“It’s like bobsledding,” observes Twiss. “You can’t get off, and it changes direction so rapidly it is difficult to keep your bearings. For a scientist, it’s very challenging. Just when you think you understand the system, something else happens.”

Clarkson University launches leaders into the global economy. One in six alumni already leads as a CEO, VP or equivalent senior executive of a company. Located just outside the Adirondack Park in Potsdam, N.Y., Clarkson is a nationally recognized research university for undergraduates with select graduate programs in signature areas of academic excellence directed toward the world’s pressing issues. Through 50 rigorous programs of study in engineering, business, arts, sciences and health sciences, the entire learning-living community spans boundaries across disciplines, nations and cultures to build powers of observation, challenge the status quo, and connect discovery and engineering innovation with enterprise.

Michael P. Griffin | Newswise Science News
Further information:
http://www.clarkson.edu

More articles from Ecology, The Environment and Conservation:

nachricht Dry landscapes can increase disease transmission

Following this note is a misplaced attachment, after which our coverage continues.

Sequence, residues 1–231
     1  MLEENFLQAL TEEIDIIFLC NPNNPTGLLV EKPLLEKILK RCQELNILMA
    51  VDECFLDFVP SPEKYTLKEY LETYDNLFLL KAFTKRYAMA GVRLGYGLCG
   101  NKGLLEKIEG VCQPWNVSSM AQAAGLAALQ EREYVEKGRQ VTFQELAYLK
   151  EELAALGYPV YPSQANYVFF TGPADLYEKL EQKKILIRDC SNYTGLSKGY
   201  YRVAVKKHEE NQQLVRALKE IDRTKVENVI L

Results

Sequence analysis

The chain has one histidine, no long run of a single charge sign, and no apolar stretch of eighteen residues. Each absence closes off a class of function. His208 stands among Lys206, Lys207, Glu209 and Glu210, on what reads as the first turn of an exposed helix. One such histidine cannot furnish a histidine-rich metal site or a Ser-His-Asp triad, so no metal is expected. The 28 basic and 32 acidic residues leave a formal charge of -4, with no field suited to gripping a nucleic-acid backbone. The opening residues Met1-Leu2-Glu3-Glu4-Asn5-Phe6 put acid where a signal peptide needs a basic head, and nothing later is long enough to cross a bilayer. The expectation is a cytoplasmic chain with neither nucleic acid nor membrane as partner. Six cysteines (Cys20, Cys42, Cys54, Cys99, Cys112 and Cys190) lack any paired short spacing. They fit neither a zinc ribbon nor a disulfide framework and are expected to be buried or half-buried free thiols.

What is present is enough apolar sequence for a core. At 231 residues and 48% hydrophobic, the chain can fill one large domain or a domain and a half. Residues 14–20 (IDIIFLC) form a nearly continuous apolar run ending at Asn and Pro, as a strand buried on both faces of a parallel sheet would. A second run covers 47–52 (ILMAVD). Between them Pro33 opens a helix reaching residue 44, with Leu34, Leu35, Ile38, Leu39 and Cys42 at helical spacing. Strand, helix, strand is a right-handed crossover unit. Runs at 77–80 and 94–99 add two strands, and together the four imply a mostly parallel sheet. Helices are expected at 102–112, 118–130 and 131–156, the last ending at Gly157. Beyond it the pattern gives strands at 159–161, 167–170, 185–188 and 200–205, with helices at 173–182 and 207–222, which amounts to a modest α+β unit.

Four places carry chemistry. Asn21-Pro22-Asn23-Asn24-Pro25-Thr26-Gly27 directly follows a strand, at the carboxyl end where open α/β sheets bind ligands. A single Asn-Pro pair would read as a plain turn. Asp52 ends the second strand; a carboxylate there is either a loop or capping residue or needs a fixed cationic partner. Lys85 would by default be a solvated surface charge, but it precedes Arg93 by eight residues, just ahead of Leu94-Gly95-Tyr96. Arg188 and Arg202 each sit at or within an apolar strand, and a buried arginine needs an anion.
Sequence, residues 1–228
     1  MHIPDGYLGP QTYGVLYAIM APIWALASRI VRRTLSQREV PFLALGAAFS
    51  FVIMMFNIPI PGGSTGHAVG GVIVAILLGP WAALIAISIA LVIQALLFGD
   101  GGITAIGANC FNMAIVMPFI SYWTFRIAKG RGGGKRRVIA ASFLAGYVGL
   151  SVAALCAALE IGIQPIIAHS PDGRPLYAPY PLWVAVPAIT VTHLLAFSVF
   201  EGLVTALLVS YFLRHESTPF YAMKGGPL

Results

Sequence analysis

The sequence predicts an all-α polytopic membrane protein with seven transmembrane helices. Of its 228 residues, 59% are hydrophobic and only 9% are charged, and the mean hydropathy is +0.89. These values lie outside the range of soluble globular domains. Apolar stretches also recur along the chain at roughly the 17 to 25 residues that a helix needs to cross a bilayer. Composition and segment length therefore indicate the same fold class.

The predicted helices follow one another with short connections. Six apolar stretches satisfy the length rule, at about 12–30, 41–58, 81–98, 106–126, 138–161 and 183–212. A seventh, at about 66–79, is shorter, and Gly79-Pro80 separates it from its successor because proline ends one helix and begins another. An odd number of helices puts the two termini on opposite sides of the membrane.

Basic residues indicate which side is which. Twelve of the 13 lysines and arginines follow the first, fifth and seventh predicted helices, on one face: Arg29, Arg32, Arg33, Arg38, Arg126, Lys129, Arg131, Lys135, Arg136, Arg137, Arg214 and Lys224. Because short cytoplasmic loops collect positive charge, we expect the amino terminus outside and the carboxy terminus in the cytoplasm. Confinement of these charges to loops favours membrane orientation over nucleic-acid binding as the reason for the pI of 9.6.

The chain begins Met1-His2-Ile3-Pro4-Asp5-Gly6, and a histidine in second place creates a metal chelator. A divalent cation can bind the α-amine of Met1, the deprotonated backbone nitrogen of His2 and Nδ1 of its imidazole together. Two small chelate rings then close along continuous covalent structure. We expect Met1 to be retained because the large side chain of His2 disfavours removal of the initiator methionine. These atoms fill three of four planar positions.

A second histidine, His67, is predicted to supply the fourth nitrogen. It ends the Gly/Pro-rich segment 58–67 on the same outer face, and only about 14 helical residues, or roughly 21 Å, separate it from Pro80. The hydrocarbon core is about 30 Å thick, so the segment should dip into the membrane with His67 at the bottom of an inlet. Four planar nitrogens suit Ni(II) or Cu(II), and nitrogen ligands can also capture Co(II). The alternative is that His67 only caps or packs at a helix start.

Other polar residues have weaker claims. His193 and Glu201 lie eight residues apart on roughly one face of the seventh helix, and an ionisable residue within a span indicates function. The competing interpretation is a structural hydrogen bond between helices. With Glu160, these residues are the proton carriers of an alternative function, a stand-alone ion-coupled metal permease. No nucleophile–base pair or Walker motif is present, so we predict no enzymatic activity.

20.06.2018 | Forschungsverbund Berlin e.V.

nachricht 100 % Organic Farming in Bhutan – a Realistic Target?
15.06.2018 | Humboldt-Universität zu Berlin

All articles from Ecology, The Environment and Conservation >>>

The most recent press releases about innovation >>>

Die letzten 5 Focus-News des innovations-reports im Überblick:

Im Focus: Temperature-controlled fiber-optic light source with liquid core

In a recent publication in the renowned journal Optica, scientists of Leibniz-Institute of Photonic Technology (Leibniz IPHT) in Jena showed that they can accurately control the optical properties of liquid-core fiber lasers and therefore their spectral band width by temperature and pressure tuning.

Already last year, the researchers provided experimental proof of a new dynamic of hybrid solitons– temporally and spectrally stationary light waves resulting...

Im Focus: Overdosing on Calcium

Nano crystals impact stem cell fate during bone formation

Scientists from the University of Freiburg and the University of Basel identified a master regulator for bone regeneration. Prasad Shastri, Professor of...

Im Focus: AchemAsia 2019 will take place in Shanghai